The Wake Forest linebacker wanted to do something unique, too.
Curry wound up at St. Jude Children's Research Hospital in Memphis, Tenn., on Monday. In a prearranged meeting set up by his agent and hospital officials, Curry told wide-eyed, 12-year-old Bryson Merriweather he wanted a tour of the place.
The boy had spent the better part of two years there undergoing five rounds of chemotherapy for leukemia, which is now in remission.
"We were acting like he was just taking me on a regular tour around the hospital," Curry said. "Toward the end we ended up outside tossing each other a football and I just started talking about the draft.
"He said he had seen it and I was telling him that I had been invited and if he would join me in this experience. So I said, 'So come to New York with me and get drafted into the NFL,'" he said.
So joining Curry's mother, fiancee and siblings at his draft table on April 25 will be Bryson, the Madison, Ala., boy who is determined to play football again -- and get more people to be bone marrow donors.
"I was showing him around and then he asked me," Bryson said of Curry's surprise offer. "And I've never been to New York before."
While Curry has been fortunate not to have a friend or family member affected by cancer, he was drawn to Bryson's story when he was directed to the St. Jude hospital through his agent, Andy Ross.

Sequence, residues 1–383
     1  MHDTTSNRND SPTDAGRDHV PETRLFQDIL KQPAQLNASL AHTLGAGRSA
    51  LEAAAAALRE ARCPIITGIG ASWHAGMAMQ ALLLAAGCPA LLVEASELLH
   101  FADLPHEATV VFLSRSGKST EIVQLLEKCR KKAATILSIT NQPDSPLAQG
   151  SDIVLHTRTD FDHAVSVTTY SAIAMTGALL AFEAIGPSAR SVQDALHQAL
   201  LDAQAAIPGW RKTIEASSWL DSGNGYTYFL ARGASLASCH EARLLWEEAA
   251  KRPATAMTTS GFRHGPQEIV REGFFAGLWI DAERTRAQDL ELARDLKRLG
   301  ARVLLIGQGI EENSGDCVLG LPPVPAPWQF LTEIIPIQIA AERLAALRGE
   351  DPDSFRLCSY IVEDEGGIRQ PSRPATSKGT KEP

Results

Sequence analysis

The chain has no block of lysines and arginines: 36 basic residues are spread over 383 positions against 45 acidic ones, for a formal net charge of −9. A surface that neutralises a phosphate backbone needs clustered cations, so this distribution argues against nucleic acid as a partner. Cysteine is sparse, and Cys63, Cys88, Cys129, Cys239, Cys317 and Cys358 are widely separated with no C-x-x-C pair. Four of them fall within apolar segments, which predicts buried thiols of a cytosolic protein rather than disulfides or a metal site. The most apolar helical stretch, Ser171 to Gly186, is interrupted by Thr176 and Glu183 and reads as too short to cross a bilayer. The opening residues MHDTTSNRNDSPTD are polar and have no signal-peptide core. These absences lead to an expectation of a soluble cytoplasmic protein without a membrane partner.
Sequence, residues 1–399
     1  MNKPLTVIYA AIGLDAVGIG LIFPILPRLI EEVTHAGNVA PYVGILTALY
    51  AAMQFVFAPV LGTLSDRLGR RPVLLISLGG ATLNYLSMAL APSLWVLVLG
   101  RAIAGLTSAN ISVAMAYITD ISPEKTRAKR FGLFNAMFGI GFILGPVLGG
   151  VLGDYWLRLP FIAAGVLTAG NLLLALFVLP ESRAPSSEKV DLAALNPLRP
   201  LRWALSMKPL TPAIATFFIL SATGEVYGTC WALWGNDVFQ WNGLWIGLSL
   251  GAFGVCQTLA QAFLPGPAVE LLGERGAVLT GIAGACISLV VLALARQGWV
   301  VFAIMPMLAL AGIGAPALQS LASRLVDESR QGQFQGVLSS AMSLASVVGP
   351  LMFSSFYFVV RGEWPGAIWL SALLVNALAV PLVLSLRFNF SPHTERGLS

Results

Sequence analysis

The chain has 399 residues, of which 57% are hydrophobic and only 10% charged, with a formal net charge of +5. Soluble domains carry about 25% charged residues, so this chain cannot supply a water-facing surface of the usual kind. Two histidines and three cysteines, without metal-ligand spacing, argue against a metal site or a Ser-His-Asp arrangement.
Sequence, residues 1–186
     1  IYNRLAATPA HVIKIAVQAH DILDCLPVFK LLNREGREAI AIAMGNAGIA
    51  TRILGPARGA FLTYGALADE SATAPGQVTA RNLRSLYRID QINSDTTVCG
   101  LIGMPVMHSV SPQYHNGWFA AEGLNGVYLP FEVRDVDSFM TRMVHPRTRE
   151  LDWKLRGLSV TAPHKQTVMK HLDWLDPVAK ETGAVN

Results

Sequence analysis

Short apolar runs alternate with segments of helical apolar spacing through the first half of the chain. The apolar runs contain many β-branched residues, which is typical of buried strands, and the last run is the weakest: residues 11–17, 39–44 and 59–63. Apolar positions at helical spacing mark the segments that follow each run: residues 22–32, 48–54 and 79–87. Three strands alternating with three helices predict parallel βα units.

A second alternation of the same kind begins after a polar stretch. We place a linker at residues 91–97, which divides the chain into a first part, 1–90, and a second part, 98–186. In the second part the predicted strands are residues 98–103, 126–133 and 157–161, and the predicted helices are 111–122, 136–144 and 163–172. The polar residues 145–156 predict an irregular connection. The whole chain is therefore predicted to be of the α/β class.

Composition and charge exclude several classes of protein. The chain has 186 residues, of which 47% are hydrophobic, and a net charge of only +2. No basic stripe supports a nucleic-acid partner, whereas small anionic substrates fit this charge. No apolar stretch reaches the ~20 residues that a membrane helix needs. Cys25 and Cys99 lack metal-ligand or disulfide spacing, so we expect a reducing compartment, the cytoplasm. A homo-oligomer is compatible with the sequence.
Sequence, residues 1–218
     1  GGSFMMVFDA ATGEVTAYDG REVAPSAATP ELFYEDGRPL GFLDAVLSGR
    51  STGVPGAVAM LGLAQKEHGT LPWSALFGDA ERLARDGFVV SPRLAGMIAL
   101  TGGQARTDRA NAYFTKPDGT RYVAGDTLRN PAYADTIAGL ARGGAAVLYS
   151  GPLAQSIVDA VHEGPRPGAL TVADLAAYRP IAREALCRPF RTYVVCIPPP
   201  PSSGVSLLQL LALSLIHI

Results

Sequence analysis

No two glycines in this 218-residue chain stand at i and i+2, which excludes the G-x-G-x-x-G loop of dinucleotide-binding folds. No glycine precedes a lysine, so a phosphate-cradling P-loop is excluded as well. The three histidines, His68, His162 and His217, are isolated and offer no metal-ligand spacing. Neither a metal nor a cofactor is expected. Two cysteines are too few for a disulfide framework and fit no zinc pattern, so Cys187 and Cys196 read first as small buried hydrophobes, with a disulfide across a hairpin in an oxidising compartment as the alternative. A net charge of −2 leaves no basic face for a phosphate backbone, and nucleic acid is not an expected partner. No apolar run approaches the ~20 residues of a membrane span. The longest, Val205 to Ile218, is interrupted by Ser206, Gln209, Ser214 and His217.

Bryson, who played tight end and defensive end for his youth team, first complained that his chest hurt after football practice in Oct. 2007. Later he said he couldn't catch his breath and it was thought he had asthma.
But a month after that his family was hit with horrible news: Bryson had acute myeloid leukemia and would need to go immediately by ambulance four hours away to St. Jude, a top pediatric cancer treatment hospital.
Aaron Curry was one of nine players invited to the draft.
Bryson began a grueling schedule of chemotherapy while his family searched in vain for a matching donor if he required a bone marrow transplant.
"It was disheartening to know that we didn't have a match," said his father, Lorace "Ace" Merriweather.
As Bryson got stronger, he helped lead bone marrow drives and fundraisers for St. Jude hospital in his hometown. His parents also decided to have another child.
Six months after Bryson went into remission, his mother, Becky, gave birth to Bryan in December. It was recently determined he's a genetic match with his older brother.
"If the cancer does come back, we now have a donor match in our own family," Bryson's father said. "That's been another amazing journey that we've gone through."
Now that journey will take Bryson and his dad to New York. Curry will meet them on Thursday and tour the city. They'll attend some events together on Friday, and Bryson will be there Saturday when Curry could be the No. 1 overall pick by Detroit.
"After meeting Bryson, I just think it was the perfect route to go," Curry said. "Bryson has already done some things in the community and he's only 12."
Statistics show that Bryson has a 30 to 40 percent chance of relapse and a cell mutation he has puts him in an even higher risk group. But the lanky Bryson is strong enough now to play sports again. He's running track this spring and hopes to resume football this fall.
He'll also have stories to tell his friends after experiencing the draft firsthand with a potential future NFL star.
"It's just been a blessing to go through this whole experience. It renewed our faith," Ace Merriweather said. "It also shows Bryson's courage and will to fight through this. He didn't ask for it, but he's taken on the challenge. I know he's going to have a long life ahead of him.
"Maybe one day we'll be at the draft inviting somebody," he said.